Comparative Strategies for Accelerated Wetland Restoration on Agricultural Land
An initial comparison of two planting and management treatments on isolated agricultural wetlands has shown planted and seeded wetland cells to have greater native plant species richness and diversity than their unplanted counterparts. General overall plant cover is not statistically different between planted and unplanted treatments after two years, though vegetative expansion by introduced species in planted wetlands is resulting in greater average covers in the second year and a much more noticeable expansion of vegetation into the deeper waters of planted wetlands. The effect of continued initial management for invasive species across all treatments has stunted the establishment of Typha species in both planted and unplanted wetlands, resulting in considerably smaller amounts of Typha species cover than other past wetland construction projects in Ohio. However, abundant Phalaris arundinacea in the local landscape and adjacent to the wetland cells has proved to be considerably harder to control. Continued studies will observe the effects of this early native favoritism on future plant community development and nutrient retention, and the ability of introduced species and initial treatment efficiencies to persist in the absence of continued invasive species management.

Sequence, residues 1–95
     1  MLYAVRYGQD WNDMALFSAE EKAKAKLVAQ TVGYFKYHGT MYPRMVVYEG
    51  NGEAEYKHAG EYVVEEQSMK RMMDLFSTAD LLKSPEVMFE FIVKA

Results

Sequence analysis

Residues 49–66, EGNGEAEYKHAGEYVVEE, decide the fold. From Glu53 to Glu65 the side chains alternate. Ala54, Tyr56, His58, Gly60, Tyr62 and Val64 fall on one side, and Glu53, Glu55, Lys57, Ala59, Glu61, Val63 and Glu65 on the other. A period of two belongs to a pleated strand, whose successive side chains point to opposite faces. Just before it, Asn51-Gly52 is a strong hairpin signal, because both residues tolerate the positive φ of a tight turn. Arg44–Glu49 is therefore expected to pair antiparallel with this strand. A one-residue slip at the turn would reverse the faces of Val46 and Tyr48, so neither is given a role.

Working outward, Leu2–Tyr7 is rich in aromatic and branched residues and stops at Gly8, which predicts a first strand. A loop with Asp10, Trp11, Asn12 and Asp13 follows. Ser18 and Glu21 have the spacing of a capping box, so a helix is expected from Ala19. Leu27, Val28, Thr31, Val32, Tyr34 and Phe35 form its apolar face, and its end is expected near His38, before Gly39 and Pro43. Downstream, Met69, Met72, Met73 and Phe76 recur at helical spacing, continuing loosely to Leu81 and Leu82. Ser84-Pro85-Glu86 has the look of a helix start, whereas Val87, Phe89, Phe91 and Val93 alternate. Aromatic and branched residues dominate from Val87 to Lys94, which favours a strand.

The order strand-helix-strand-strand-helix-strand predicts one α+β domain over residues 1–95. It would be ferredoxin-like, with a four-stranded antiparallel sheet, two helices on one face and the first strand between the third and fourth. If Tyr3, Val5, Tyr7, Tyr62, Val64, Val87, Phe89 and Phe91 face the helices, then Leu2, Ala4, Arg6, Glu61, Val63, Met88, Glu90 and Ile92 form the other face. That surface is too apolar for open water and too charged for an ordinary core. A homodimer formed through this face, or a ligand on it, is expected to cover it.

1) To have wetland website up and running by spring of 2005
2) To have second year plant community surveys of each cell completed and the data processed by fall of 2005
3) To implement the additional planting and seeding in the “intensive planting” wetland cells.
4) Completion of and successful defense of Master’s Thesis by Joshua Smith in the winter of 2005
March 2005 — A publication of the proceedings from the 2004 Ohio Invasive Plant Research Conference included a five page article regarding our experimental design, project goals, etc. from poster presentation given in early 2004.
April 2005 — Water levels in each wetland were adjusted to maintain consistency across all wetlands regarding water levels.
May 2005 — Invasive species management resumed
June 2005 — Wetland website created.
Early August 2005 — Plant community sampling for the second growing season took place.
Late August 2005 — Supplemental planting and seeding took place for the “intensive planting” treatment.
Impacts and Contributions/Outcomes
Current and future outputs include:
1) Providing for the development and integration of further out-door, hands-on curriculum regarding wetlands, wetland restoration and experimental design at Oberlin College.
2) Insight into the costs and benefits associated with wetland restoration on agricultural lands and the treatment capabilities potentially contained therein for storm water and nutrient runoff.
3) Development of a publicly accessible website detailing the project and reporting real-time data readings from the field.
4) Oraganized tours for farmers and city officials.
5) A Master’s Thesis and refereed publications for OSU graduate student Joshua Smith. Degree acheivement was postponed until next year (2006) due to personal events that warranted the delay.
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